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I've read this article from Google's Online Security Blog, and it says that Google will disable support for SSLv3 and RC4.

Here's the reason:

SSLv3 has been obsolete for over 16 years and is so full of known problems that the IETF has decided that it must no longer be used. RC4 is a 28 year old cipher that has done remarkably well, but is now the subject of multiple attacks at security conferences. The IETF has decided that RC4 also warrants a statement that it too must no longer be used.

  • When that happens, will we —the clients— have to do any kind of upgrade or configuration?
  • What can we do right now?

I'm not sure if I understand well, will HTTPS disappear, or is it only about encryption upgrades?

Also there is a 'requirements' section in the article

Specifically, we are requiring:

  1. TLS 1.2 must be supported.
  2. A Server Name Indication (SNI) extension must be included in the handshake and must contain the domain that's being connected to.
  3. The cipher suite TLS_ECDHE_RSA_WITH_AES_128_GCM_SHA256 must be supported with P-256 and uncompressed points.
  4. At least the certificates in https://pki.google.com/roots.pem must be trusted.
  5. Certificate handling must be able to support DNS Subject Alternative Names and those SANs may include a single wildcard as the left-most label in the name.

As clients of domain name registrars and web hosting services, will we have to do any upgrade, or is this information only for them?

Basically, what I ask is: Should we get SSL Certificates for our websites still? If so, from where, or what version?

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    HTTPS will not disappear, and you'll be fine unless you use a prehistoric browser that doesn't support anything newer than SSLv3 or RC4. – André Borie Sep 19 '15 at 16:28
  • So, what does that post means? @AndréBorie – Jonathan Solorzano Sep 19 '15 at 17:02
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    Use browsers that fully support TLS. the higher the version the better. All the rest should take care of itself. – Fiasco Labs Sep 20 '15 at 7:04
  • That list of "requirements" is for some unspecified time "in the coming years". Right now you only need to deal with SSL3 (no), RC4 (no), and SHA2 (yes) as linked in the post and detailed in @gowenfawr answer, and maybe RSA-2048 (see my comment). – dave_thompson_085 Sep 20 '15 at 8:26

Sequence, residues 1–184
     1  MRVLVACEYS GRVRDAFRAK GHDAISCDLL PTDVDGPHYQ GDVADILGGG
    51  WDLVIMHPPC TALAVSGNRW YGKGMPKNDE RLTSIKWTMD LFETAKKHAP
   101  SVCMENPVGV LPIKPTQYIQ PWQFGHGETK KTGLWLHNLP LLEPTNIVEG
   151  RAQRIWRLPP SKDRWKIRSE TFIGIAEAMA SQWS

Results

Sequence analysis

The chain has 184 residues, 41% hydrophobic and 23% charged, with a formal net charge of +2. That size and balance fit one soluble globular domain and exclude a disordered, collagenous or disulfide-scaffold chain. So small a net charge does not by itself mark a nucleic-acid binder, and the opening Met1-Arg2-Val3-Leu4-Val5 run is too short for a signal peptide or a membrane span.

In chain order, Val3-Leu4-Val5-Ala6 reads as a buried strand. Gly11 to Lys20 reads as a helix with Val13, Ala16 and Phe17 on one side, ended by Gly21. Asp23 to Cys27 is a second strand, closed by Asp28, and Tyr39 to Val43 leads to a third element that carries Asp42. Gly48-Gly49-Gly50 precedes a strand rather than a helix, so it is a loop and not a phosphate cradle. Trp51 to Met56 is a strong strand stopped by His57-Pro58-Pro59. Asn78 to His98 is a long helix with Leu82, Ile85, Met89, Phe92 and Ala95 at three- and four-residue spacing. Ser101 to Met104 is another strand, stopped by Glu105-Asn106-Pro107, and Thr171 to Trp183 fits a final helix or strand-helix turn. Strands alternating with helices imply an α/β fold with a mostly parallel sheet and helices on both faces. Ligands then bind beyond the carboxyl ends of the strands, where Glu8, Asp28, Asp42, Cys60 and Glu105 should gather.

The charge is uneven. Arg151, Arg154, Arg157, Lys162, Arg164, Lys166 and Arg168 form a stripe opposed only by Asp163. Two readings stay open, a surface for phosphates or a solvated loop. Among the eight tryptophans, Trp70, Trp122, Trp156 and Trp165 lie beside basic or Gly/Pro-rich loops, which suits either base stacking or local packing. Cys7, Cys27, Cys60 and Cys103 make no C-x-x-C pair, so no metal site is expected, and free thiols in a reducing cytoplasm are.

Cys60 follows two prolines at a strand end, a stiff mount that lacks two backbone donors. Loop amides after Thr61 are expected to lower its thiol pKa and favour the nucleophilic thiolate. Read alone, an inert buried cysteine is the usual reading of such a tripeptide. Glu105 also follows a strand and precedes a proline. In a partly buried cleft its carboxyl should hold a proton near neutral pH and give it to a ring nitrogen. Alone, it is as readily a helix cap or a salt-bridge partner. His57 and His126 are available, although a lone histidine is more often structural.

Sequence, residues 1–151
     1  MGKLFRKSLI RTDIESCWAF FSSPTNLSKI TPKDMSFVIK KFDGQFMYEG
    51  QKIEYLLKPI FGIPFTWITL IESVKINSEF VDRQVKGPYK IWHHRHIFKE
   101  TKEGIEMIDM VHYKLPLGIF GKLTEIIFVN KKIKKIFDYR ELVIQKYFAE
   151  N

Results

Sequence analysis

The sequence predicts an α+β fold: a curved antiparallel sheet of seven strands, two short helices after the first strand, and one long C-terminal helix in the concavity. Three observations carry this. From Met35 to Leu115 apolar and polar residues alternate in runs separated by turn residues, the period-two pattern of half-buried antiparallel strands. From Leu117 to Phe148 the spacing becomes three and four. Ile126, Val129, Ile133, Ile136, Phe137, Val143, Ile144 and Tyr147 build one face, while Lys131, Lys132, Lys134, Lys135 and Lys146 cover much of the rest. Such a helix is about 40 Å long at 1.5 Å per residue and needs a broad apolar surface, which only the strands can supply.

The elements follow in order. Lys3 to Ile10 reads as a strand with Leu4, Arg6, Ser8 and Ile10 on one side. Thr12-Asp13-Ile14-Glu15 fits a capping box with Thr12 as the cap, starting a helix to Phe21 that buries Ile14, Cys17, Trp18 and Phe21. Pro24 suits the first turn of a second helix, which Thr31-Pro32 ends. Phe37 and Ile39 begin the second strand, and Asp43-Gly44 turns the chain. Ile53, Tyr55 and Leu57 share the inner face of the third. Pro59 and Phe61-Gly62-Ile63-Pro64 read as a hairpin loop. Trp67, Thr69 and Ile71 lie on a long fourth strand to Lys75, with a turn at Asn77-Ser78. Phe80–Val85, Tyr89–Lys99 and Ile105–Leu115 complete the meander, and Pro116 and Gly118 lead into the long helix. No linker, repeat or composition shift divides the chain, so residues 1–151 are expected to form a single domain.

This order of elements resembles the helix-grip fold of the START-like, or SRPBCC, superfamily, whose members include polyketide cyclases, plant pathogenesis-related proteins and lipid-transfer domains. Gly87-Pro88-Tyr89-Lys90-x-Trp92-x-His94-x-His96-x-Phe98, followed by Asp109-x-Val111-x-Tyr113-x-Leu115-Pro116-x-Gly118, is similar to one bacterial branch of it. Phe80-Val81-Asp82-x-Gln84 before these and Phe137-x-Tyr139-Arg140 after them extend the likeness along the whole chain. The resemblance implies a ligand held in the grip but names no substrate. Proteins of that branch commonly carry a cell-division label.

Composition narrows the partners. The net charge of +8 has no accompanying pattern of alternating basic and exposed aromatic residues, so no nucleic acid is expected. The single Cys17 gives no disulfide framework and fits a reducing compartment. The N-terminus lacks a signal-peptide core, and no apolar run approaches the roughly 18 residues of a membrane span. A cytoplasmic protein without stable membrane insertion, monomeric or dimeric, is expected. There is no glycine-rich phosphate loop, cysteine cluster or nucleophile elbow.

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Basically what I ask is: Should we get SSL Certificates for our websites still?

Yes, absolutely. TLS is simply a newer version of SSL, and they both use the same certificates.

An aside on the names - SSL was a Netscape protocol. When it got mainstreamed as an RFC, they made some minor tweaks and renamed it TLS so that it wouldn't be confused with a "proprietary standard." But in practice, people have used the terms SSL to refer to TLS and vice versa for years. Only now, as we're getting serious about retiring the final SSLv3 protocol, is the confusion starting to cause problems.

If so, from where, or what version?

You'll continue to get certificates from the same Certificate Authorities (CAs) like Verisign, Entrust, Comodo, etc. etc. Aside from the SSL->TLS change, certificates now need to use SHA-2 instead of older hashing protocols like SHA-1. Your CA should be issuing any new certificates with SHA-2, and should be able to help you navigate the change.

When [SSLv3 is retired], will we —the clients— have to do any kind of upgrade or configuration?

If you're using a regular web browser, you're probably fine. Only very old web browsers will have problems because of SSLv3 disappearing, IE6 on Windows XP being the biggie people talk about.

If you're using custom clients like Java code, curl, wget, openssl - then you probably need to be using a newer version. The problem is that when someone codes an SSL client in Java, they're generally not updating it often because updating Java is hell. So custom clients are going to have problems.

  • Oh i see, then if i register a new domain name, and i add it a ssl cert, i would expect the registrar to handle the tls/ssl upgrades? – Jonathan Solorzano Sep 19 '15 at 18:19
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    @JonathanS. if your registrar is setting up the domain for you, yes. If you're hosting your own server, then the CA should give you a SHA-2 cert and you should configure your web server to use TLSv1+ instead of SSLv3 – gowenfawr Sep 19 '15 at 18:35
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    One point not to forget: If you are using RSA, like most people but not everybody, you soon will be required to use a key of 2048 bits (or more, but few bother with more). CAs have been enforcing that since beginning of 2014, so if you have gotten your cert recently you are already okay; if not you will need to generate a new keypair AND get a new cert. Also: if your SSL/TLS server is public, ssllabs.com/ssltest will do a thorough test and tell you if you have problems and approximately how serious they are. – dave_thompson_085 Sep 20 '15 at 8:32

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